And your relevant PHPUnit test would look something like this:

<?php

class UrlRetrieverTest extends PHPUnit_Framework_TestCase {

    /**
     * @covers UrlRetriever::retrieve
     * @expectedException RuntimeException
     */
    public function testRetrieveThrowsExceptionOnFailure() {
        $retriever = $this->getMock('UrlRetriever', array('doRetrieve'));
        $retriever->expects($this->once())
                  ->method('doRetrieve')
                  ->will($this->returnValue(false));

        $retriever->retrieve('http://someurl');
    }

    /**
     * @covers UrlRetriever::retrieve
     */
    public function testSomeSpecificOutputIsHandledCorrectly() {
        $expectedValue = 'Some value I want to manipulate';

        $retriever = $this->getMock('UrlRetriever', array('doRetrieve'));
        $retriever->expects($this->once())
                  ->method('doRetrieve')
                  ->will($this->returnValue($expectedValue));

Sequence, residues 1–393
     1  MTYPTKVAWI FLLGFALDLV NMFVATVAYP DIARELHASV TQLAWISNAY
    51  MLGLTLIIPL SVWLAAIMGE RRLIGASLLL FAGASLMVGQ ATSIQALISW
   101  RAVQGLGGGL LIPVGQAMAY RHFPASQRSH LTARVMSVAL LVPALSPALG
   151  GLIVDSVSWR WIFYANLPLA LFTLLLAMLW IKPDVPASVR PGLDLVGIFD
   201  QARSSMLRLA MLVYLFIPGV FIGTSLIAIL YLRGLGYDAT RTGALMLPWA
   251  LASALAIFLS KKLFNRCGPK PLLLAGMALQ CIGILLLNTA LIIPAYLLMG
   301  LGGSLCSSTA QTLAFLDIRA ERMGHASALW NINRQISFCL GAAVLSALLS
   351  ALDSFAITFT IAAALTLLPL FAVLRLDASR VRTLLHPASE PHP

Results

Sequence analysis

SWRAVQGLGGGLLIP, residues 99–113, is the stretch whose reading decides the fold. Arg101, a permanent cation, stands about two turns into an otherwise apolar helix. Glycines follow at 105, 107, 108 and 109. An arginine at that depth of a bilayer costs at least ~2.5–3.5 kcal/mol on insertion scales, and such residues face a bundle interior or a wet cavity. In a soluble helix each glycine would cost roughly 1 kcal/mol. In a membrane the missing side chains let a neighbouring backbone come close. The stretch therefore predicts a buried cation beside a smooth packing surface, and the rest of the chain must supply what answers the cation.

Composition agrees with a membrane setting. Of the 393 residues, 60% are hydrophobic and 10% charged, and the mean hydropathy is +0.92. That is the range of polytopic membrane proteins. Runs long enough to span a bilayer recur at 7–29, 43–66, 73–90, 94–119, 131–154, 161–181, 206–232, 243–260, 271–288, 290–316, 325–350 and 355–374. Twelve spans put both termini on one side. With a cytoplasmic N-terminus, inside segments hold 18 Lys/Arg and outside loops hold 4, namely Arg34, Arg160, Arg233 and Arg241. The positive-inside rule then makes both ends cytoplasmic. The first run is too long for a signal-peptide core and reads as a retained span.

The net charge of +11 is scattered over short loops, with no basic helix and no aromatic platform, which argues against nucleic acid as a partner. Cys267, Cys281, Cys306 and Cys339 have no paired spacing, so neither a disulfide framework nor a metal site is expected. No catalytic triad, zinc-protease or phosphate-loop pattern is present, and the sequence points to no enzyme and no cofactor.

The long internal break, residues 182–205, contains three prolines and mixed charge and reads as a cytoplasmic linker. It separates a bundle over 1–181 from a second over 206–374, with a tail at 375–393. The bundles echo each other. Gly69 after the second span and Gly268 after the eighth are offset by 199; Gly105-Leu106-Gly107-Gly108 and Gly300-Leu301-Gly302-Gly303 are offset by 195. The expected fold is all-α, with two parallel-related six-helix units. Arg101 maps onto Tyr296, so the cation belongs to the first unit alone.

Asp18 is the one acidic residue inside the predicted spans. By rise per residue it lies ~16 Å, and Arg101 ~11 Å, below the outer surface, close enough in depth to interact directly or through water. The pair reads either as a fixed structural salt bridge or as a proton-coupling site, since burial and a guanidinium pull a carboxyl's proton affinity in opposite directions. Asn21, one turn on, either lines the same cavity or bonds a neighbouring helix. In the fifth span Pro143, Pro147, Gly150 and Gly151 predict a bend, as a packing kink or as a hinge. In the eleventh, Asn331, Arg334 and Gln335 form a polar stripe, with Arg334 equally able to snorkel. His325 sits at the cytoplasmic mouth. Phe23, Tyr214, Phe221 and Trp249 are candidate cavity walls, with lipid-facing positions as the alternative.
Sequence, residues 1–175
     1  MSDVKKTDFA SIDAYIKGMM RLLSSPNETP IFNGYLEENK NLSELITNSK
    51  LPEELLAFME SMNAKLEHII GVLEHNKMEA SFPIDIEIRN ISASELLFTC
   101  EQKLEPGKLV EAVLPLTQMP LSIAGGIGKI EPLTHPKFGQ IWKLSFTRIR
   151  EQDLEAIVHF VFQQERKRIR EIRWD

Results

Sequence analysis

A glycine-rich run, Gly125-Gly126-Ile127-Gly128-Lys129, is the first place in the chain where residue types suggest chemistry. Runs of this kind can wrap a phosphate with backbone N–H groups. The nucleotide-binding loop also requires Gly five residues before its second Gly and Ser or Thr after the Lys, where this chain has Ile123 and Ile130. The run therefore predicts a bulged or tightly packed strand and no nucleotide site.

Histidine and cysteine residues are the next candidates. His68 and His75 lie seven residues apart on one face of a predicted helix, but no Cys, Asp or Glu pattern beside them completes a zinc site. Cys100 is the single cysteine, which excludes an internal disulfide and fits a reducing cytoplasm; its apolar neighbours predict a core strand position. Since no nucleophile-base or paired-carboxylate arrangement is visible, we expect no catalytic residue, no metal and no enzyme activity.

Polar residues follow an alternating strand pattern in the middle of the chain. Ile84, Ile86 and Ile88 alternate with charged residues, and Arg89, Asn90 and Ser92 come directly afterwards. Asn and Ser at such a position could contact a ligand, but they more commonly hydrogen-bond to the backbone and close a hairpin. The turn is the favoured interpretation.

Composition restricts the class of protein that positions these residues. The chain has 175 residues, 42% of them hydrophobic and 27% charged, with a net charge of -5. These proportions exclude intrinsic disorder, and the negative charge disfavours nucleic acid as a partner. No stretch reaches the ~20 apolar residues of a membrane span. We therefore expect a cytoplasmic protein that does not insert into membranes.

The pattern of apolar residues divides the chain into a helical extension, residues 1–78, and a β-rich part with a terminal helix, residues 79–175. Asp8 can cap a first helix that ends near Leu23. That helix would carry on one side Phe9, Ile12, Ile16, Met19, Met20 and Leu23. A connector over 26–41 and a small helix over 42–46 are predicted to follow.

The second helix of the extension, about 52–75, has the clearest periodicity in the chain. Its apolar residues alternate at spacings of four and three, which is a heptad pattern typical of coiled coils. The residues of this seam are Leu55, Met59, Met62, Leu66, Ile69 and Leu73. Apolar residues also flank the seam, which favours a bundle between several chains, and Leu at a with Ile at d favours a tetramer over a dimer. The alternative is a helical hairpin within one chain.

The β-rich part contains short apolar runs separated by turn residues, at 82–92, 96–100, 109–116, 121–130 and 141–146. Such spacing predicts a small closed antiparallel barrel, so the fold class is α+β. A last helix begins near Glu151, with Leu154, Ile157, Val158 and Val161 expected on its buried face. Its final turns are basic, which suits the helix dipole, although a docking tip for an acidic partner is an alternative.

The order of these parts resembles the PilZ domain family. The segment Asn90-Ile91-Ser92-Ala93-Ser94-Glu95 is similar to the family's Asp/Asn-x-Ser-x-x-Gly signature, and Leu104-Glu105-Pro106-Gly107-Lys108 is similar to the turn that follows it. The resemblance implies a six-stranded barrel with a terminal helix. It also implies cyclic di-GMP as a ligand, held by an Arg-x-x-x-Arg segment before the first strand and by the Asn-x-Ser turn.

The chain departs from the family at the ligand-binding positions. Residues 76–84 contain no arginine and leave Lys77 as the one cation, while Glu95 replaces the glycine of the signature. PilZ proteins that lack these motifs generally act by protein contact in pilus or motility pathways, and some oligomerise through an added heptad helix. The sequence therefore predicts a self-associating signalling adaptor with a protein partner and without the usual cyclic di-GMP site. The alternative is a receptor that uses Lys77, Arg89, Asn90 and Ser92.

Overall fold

$response = $retriever->retrieve('http://someurl');
        $this->assertEquals($response, $expectedValue);
    }
}

Obviously, this example is contrived and extremely simple, but the concept scales out as far as you need it to. By creating test seams like the above UrlRetriever::doRetrieve method we're able to easily mock the results using standard test frameworks.

This method allows us to test the otherwise complicated result of native PHP functions that manipulate remote resources without ever having to touch an external web server or introducing the possibility of errors outside of the system under test.

In the OP's specific case, if a timeout result is desired, simply mock the relevant test seam method to do whatever the native PHP function would do in the event of a timeout.

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Have you tried httpbin's /delay?

httpbin is a HTTP Request & Response Service written in Python (I think Kenneth Reitz developed it to test the requests module while writing it), source is on GitHub. I'm not actually sure if /delay will delay accepting the request connection, or sending the response. But if it doesn't exactly fit your needs, it should be very easy to modify or extend it.